AEGIS battle management system

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Developed for U.S. Navy Ticonderoga-class cruisers and Burke-class destroyers, and used by several foreign navies, the AEGIS battle management system is an integrated complex of sensors, weapons controllers, missiles, computers and human interfaces that lets a ship control an air battle with a radius of over 200 miles. One of the key aspects of the system is that it can orchestrate the efforts of several ships and radar aircraft, even, with a feature called the Cooperative Engagement Capability, fire and guide weapons from launchers on other ships. It guides fighter aircraft in the outer air battle several hundred miles from the center of the area being defended, and fires and directs surface-to-air missiles launched from AEGIS ships. The primary missiles it controls is the Standard SM missile series and the BGM-109 Tomahawk.

Generations of U.S. Navy AEGIS deployment

The first deployment was on Ticonderoga-class cruisers, although some features first appeared on Burke-class destroyers and later came to the cruisers, or vice versa. Some features were on one class and not the others. The revision levels started as a set of AEGIS baselines, not to be confused with the "flights" of Burke revisions or of Ticonderoga ship baselines of feature sets. Not considering baselines that were essentially prototypes on retired ships, the generations began with Baseline 2.

Baseline 2 (CG 52-58)

This was on the first vertical launch system ships, the cruisers; all active AEGIS ships have VLS only. It provided BGM-109 Tomahawk cruise missile strike warfare and anti-submarine warfare.

Baseline 3 (CG 59-64)

On cruisers, the main SPY-1 radar upgraded to 1B level, with AN/UYQ-21 consoles.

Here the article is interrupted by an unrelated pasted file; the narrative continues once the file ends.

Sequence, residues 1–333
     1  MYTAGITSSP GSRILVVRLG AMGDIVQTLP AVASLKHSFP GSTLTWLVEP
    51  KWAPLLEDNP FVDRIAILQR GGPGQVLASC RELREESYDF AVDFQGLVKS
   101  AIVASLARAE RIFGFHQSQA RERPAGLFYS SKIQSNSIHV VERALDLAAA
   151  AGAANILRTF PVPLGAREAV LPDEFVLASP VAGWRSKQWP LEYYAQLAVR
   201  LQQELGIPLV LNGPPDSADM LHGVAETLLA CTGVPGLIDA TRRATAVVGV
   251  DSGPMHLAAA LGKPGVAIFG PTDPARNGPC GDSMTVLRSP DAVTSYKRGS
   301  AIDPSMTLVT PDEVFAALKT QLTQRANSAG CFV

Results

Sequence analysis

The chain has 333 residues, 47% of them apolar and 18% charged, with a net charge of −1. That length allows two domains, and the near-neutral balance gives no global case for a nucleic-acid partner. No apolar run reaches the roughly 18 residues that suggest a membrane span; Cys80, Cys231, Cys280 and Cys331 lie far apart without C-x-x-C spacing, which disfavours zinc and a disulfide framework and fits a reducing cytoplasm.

Baseline 4 (CG 65-73)

This brought the more powerful AN/UYK-43/44 computers with superset computer to the cruisers, using software developed for the "Flight 1" Burkes, DDG51-67. These computers, and the AN/SPY-1B, is the basic Burke sustem.

Baseline 5, in FY 1992 ships

This was a complex electronic upgrade, implemented in three phases. Its key components included Joint Tactical Information Distribution System (JTIDS) of Link 16 capabilities, Combat Direction Finding, the AN/SLQ-32(V3) electronic warfare suite, and Extended Range (ER) surface-to-air missiles.

  • Phase I integrated AEGIS ER and supports the missile Initial Operational Capability; *Phase II integrated system upgrades including Deceptive Electronic Countermeasures, Track Load Control algorithms, and Track Initiation Processor
  • Phase III integrated JTIDS Tactical Graphics Capability into the AEGIS Combat System.

Baseline 6

Baseline 6 Phase I is planned for the last ship in FY 1994, and Phase III is planned for the first ship in FY 1997. What happened to Phase II? It was the bringing-together of the Baseline 5 baseline computers, with enhancements to allow Tactical Ballistic Missile Defense and Cooperative Engagement Capability. Phase III requires the AN/SPY-2 upgrade to the main radar.

Up to this level, while the ships could refuel helicopters, they had no hangars for them. Baseline 6 Phase III ships had hangars for a pair of SH-60 helicopters.